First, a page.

I can’t say that the current generation experiences more relational trauma than any other time in history. Family units disintegrated generations ago, too, albeit in a different, yet not any less traumatic, manner.
The average life expectancy of males in 1851 was about 40 years, compared with 42 years for females. This had profound implications for children. In 1851, the average first-born child would have been a maternal orphan at the age of 17, while the last-born child would have been a maternal orphan at the age of six. Today, males and females are living much longer…In the mid-nineteenth century, only 6 percent of couples would have lived long enough to celebrate their fiftieth wedding anniversary, compared with 39 percent today…nearly 98 percent of all marital dissolutions in 1921 were caused by the death of one parent, compared with 1986 where the primary cause of marital dissolution was due to divorce or separation.*
Over the years, I’ve spoken with many individuals whose mother or father died when they were young. The pain they have experienced as a result of the change in family system is as wounding and tragic as that of divorce. And these wounds, unless they are healed, will have an impact on succeeding generations.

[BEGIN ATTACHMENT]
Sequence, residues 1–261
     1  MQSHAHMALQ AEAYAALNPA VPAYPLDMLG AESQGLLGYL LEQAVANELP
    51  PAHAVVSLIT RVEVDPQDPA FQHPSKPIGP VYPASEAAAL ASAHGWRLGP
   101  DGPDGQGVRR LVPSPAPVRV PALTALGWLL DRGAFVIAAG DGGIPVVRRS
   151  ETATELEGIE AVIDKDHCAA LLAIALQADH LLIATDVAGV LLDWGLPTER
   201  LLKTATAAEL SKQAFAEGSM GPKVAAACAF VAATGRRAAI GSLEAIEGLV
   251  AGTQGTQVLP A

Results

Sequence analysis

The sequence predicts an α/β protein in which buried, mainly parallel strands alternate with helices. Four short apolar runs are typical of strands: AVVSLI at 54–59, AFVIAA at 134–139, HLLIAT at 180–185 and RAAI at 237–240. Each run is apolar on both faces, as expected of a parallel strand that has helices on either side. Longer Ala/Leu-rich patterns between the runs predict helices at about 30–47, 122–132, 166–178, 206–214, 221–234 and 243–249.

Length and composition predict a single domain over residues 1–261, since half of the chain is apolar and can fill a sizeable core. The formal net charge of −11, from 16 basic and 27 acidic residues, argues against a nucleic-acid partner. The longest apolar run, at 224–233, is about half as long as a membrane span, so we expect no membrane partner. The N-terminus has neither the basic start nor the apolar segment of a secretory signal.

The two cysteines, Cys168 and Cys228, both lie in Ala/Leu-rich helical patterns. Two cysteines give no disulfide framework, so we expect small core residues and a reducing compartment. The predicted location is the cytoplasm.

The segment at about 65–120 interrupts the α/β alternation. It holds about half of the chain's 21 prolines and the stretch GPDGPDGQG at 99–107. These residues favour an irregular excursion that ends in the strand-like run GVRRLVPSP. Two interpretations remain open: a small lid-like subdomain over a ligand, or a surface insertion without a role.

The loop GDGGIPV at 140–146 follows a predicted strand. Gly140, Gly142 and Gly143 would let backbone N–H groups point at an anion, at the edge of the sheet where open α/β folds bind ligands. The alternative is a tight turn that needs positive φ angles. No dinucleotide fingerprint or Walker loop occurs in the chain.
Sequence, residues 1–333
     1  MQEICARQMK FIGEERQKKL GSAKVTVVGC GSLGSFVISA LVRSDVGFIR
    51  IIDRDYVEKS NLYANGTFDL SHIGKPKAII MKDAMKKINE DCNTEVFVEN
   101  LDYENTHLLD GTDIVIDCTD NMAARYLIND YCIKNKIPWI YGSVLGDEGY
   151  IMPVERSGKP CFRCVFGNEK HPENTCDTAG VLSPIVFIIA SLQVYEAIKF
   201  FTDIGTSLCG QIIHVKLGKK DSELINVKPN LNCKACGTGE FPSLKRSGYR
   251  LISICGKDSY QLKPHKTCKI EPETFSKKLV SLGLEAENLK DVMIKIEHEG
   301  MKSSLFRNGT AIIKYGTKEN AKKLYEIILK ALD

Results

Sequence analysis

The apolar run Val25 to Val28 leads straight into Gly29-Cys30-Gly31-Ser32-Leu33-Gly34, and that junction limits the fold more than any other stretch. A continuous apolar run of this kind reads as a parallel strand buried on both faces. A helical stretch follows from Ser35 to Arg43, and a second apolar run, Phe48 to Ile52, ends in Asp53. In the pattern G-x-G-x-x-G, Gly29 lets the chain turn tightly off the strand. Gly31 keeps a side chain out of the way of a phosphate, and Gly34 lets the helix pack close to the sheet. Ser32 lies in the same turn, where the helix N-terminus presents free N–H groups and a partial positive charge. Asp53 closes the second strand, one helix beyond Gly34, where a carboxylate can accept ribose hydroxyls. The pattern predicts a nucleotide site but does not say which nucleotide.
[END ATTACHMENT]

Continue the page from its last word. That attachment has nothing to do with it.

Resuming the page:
My dad fought in the Second World War. When he died, we discovered that he had enlisted in 1939 and stayed for the duration. He never talked about it. Dad, in fact, never communicated about much. When, on one occasion, we were able to have a brief discussion about God, he told me that what he experienced in the war made him think that there could not possibly be a loving God. That was the only thing he ever shared with me about his war experience–or life experience, for that matter. Although he had been orphaned at a young age, he never talked about it. My father’s scars affected him, and so also had an impact on his parenting. Thus, his emotional scars had an effect on me.
Contact me if I can help you heal your wounds.*Larson, Lyle., Goltz, J. Walter., Hobart, Charles., Families in Canada: Social Context, Continuities and Changes., 1994, Prentice-Hall Canada Inc. pg. 517-518